The most interesting thing about the projected industry growth over the next five years is the way that fast casual restaurants continue to influence the future of all businesses.
— Kristen Hawley
After 25 years, fast casual is still in the driver’s seat.
New data from Euromonitor International shows strong growth in the overall consumer foodservice market, with quick service markets, like fast food, restaurants offering delivery and takeout exclusively, and cafes and coffee shops poised to grow fastest in the U.S. over the next five years.
“I think what we’re seeing there, and this is a global trend, is the casualization of almost everything, even fine dining,” Michael Schaefer, global lead of food and beverage at Euromonitor, told Skift Table.
The fast food market, already massive at close to $250 billion in 2017, is poised to grow at 2.3 percent per year for the next five years, a cumulative growth of 12 percent. At the same time, the much smaller delivery-takeout market (excluding third-party delivery services like Grubhub and Uber Eats) is projected to grow 18 percent over the next five years, according to the new data.
Much of this is driven by the popularity of fast casual and the way it has shifted expectations around food, service, and even restaurant design.
“So much of what defined the early fast casual chains has been taken onboard by every fast food chain to some degree. I think the next step of that is that we see a move away from these big nationwide mega-brands like Chipotle in favor of things that are going to be more local,” Schaefer said.
Small Names With Big Followings
Chipotle may have changed the dining landscape in America when it debuted a quarter-century ago, but a shift away from large national brands is driving development in fast casual and beyond. Much of this is thanks to the loyal fans of small and regional chains.
“Right now we might be in another stage of fast casual development where I think we’re going to see more fragemention. It’s going to be harder and hard to make that case for a new national mass brand,” Schaefer said.
That doesn’t mean that small and independent restaurants are poised to overtake larger legacy brands. Instead, and largely due to the influx of private equity funding, big companies that buy up smaller brands will keep them separate. As an example, look to how JAB Holdings has managed its suite of coffee brands from Peets to Intelligentsia to Stumptown. “Rather than have mega-mergers where brands vanish, I think we’re going to continue to see these kids of small brands build a following,” he added.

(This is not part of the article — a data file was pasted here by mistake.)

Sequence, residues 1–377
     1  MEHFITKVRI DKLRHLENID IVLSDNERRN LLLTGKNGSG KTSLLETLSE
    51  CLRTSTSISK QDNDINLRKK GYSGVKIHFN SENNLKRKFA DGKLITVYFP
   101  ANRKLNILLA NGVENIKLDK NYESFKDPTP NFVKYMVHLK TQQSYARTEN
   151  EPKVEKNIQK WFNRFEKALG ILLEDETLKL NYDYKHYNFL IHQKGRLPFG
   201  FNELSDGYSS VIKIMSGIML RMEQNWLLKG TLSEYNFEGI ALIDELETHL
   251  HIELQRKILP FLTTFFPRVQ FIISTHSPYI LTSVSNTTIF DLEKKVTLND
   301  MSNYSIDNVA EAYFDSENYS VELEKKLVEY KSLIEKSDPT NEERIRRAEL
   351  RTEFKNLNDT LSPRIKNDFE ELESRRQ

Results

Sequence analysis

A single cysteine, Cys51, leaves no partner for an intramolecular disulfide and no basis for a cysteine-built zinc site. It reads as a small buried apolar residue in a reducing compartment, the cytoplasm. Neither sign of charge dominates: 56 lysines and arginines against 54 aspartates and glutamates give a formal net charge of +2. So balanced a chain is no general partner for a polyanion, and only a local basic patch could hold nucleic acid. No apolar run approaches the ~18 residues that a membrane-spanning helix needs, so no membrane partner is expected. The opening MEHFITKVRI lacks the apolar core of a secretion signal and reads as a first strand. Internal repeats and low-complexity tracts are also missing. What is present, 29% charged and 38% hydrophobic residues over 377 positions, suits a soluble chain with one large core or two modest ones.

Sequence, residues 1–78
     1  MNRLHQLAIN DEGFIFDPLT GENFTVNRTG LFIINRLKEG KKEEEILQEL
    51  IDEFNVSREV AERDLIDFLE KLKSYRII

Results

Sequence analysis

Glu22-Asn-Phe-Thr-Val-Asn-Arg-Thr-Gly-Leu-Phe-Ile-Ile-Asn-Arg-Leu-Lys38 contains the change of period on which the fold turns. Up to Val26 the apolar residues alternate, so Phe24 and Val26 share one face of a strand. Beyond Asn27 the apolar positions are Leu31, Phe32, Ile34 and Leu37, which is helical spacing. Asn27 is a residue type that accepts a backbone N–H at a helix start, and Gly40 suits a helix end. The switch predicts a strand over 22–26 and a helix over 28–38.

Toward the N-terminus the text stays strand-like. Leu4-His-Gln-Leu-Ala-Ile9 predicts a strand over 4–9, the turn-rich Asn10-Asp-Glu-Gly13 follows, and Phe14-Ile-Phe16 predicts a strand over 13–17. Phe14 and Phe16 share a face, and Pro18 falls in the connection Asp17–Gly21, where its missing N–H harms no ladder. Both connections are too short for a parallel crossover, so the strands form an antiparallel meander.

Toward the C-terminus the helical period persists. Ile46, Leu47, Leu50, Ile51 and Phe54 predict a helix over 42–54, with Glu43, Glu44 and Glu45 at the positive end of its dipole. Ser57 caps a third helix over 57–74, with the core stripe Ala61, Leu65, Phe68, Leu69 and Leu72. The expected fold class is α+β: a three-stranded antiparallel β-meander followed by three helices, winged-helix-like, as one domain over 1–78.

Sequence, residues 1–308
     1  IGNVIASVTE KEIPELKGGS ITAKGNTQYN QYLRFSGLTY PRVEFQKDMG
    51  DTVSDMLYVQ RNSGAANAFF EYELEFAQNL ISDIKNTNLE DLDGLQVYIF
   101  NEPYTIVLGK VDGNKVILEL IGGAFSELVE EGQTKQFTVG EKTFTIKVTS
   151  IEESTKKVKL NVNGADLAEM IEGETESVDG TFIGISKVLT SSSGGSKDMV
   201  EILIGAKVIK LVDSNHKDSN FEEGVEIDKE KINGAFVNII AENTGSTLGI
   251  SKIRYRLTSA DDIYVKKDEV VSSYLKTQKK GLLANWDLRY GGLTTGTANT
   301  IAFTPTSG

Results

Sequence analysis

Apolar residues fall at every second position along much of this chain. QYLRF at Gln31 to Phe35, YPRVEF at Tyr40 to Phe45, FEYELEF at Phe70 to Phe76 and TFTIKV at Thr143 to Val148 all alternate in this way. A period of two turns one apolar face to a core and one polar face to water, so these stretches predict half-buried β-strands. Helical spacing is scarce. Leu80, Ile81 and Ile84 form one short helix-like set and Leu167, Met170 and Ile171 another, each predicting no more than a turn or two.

This small-brand focus is a direct result of the way restaurants market themselves to the Instagram generation.
“There’s so much more conversation and so it both is harder to stick out, but once you do stick out i think it’s easier to develop a following,” Schaefer said.
While the flashy openings of 2017, from The Grill, already a New York icon, to Los Angeles’ precious Vespertine, don’t exactly casualize fine dining, the overall trend is perhaps driven by chefs’ and restaurateurs’ freedom to experiment with different formats, said Schaefer. This is also why the current fine dining landscape can support both classic interpretations of the sector and formats not traditionally associated with fine dining, like New York’s Cote or Majordomo in Los Angeles.
Don’t Discount Delivery
Euromonitor’s delivery and takeout data focuses on restaurants, such as Domino’s Pizza, that operate and manage their own takeout and delivery operations, with no dining room. It does not include third-party ordering and delivery platforms which are experiencing growth and change of their own.
“Domino’s is a good example because, starting 10 years ago they bet the whole company on making delivery as frictionless as possible. As a result they’re seeing crazy same store sales numbers for the last five years,” said Schaefer. He sees future tension between the restaurants that have the ability to handle in-house delivery and most other restaurants who opt to partner with a third-party service. “The window is closing to build your own,” he added.
He also sees big brands having huge effects on delivery services. “The idea that McDonald’s is on the same platform as your local Indian takeout place is interesting, because it changes the competitive environment,” he said. It’s no longer a question of building networks and logistics and marketing to customers, instead it’s about creating good food that travels well.
“That creates a whole new set of problems and a whole new set of advantages for players we don’t even know of yet.”